Ritchie Valenshas earned a special place in U.S. recording history…
The late Mexican American singer/songwriter’s groundbreaking 1958 sensation “La Bamba”is one of the newest recordings inducted into the National Recording Registry of the Library of Congress.
Under the terms of the National Recording Preservation Act of 2000, the Librarian, with advice from the Library’s National Recording Preservation Board (NRPB), is tasked with annually selecting 25 titles that are “culturally, historically, or aesthetically significant,” and are at least 10 years old.
Valens, who was born Richard Valenzuelain Los Angeles in 1941, spoke English as his first language. Though he never mastered Spanish, he learned Spanish songs from his Mexican-American family, including “La Bamba,” a song from the Mexican state of Veracruz that was a favorite dance piece at weddings.
Valens’ amplified guitar and power chords were a long way from the acoustic string band sounds of Mexico, but he successfully transposed the feeling and rhythm of the song to the back beat of early rock and roll. It was released as the b-side of his second single “Donna” in late 1958, and had become a hit on its own when he died at the age of 17 on February 3, 1959, in a plane crash that also took the lives of Buddy Hollyand J.P. Richardson, “The Big Bopper.” In spite of his brief life and a recording career that only lasted eight months, Valens’ success brought a new sound to the mainstream and inspired generations of Chicano musicians.
Los Lobos released its version of the song in 1987. “As a young boy growing up in East Los Angeles, I was curious and ultimately impressed by a rock song sung in Spanish — that song was ‘La Bamba’ by Ritchie Valens,” said Louie Pérez, one of the founding members and guitarist for Los Lobos. “It continues to be a hallmark in American music and an influence on all Latino music that followed.”
Spanish cellist, composer, and conductor Pablo Casals’ 1939 reimagining of the Bach cello suites was selected in the classical category. Raphaël Merlin, cellist of the acclaimed Ébène Quartet External, said: “There is a prophetic aspect to Pablo Casals’s work—he revealed his recording of the six Bach Cello Suites, and they instantly became our bible, and continue to offer revelations to cellists even to this day. At the same time, he also made a practical case for these works as an ideal way for a musician to exercise his or her mind, cultivate healthy playing technique, study counterpoint, and more. However you look at them, his recording of the suites still sounds like the opening of a new era.”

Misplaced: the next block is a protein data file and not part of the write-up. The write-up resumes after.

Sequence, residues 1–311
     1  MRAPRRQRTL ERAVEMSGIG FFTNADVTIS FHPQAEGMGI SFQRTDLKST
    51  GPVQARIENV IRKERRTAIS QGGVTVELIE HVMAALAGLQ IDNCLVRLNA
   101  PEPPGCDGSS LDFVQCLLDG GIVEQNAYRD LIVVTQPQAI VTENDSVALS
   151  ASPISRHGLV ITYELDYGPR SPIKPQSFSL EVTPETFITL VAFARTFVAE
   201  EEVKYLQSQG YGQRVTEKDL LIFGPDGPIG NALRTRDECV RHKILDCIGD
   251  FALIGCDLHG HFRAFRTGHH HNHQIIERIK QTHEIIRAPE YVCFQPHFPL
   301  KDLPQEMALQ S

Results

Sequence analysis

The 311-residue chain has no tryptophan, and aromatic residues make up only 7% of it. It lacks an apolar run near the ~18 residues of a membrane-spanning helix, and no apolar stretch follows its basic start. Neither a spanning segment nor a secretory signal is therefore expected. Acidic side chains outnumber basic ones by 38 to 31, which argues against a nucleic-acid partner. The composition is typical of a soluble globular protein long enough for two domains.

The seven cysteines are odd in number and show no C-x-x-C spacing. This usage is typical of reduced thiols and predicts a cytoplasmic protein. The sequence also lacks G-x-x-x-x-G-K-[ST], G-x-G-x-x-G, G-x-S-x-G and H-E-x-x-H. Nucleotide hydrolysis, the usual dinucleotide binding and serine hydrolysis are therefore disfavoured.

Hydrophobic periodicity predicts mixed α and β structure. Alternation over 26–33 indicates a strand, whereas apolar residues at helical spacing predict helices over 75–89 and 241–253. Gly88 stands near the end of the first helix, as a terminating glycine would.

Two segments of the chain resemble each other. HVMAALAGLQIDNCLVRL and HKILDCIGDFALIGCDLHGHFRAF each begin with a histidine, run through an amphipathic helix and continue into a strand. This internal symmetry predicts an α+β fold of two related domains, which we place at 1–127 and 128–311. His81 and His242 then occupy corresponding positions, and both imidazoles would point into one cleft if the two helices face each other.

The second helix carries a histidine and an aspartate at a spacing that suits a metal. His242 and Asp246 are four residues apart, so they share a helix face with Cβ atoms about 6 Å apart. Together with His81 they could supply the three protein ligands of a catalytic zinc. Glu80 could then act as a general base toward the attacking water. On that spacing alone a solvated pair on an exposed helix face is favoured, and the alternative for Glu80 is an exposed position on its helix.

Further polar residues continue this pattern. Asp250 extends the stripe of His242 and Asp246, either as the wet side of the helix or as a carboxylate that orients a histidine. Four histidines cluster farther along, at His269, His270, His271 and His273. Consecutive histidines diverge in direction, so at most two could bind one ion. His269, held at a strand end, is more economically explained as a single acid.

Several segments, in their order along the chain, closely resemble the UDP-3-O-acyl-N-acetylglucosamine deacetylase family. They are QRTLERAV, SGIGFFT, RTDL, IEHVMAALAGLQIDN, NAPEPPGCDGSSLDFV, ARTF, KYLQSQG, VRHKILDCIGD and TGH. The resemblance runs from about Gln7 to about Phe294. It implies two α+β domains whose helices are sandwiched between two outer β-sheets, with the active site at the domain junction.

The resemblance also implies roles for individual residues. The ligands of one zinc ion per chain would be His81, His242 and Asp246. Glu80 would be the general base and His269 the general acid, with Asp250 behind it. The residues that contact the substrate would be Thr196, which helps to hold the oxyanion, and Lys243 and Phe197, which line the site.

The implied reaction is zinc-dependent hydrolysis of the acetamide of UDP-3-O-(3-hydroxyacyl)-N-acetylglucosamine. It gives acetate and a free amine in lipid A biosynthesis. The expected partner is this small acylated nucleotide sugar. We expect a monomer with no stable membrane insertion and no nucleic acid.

The new recordings to the National Recording Registry bring the total number of titles on the registry to 525, a small part of the Library’s vast recorded-sound collection of nearly 3 million items.
Here’s a look at the 25 recordings that were selected for inclusion in the registry in 2018:
2018 National Recording Registry
- Yiddish Cylinders from the Standard Phonograph Company of New York and the Thomas Lambert Company (c. 1901-1905)
- “Memphis Blues” (single), Victor Military Band (1914)
- Melville Jacobs Collection of Native Americans of the American Northwest (1929-1939)
- “Minnie the Moocher” (single), Cab Calloway (1931)
- “Bach Six Cello Suites” (album), Pablo Casals (c. 1939)
- “They Look Like Men of War” (single), Deep River Boys (1941)
- “Gunsmoke” — Episode: “The Cabin” (Dec. 27, 1952)
- Ruth Draper: Complete recorded monologues, Ruth Draper (1954-1956)
- “La Bamba” (single), Ritchie Valens (1958)
- “Long Black Veil” (single), Lefty Frizzell (1959)
- “Stan Freberg Presents the United States of America, Vol. 1: The Early Years” (album), Stan Freberg (1961)
- “GO” (album), Dexter Gordon (1962)
- “War Requiem” (album), Benjamin Britten (1963)
- “Mississippi Goddam” (single), Nina Simone (1964)
- “Soul Man” (single), Sam & Dave (1967)
- “Hair” (original Broadway cast recording) (1968)
- Speech on the Death of Dr. Martin Luther King, Jr., Robert F. Kennedy (April 4, 1968)
- “Sweet Caroline” (single), Neil Diamond (1969)
- “Superfly” (album), Curtis Mayfield (1972)
- “Ola Belle Reed” (album), Ola Belle Reed (1973)
- “September” (single), Earth, Wind & Fire (1978)
- “You Make Me Feel (Mighty Real)” (single), Sylvester (1978)
- “She’s So Unusual” (album), Cyndi Lauper (1983)
- “Schoolhouse Rock!: The Box Set” (1996)
- “The Blueprint” (album), Jay-Z (2001)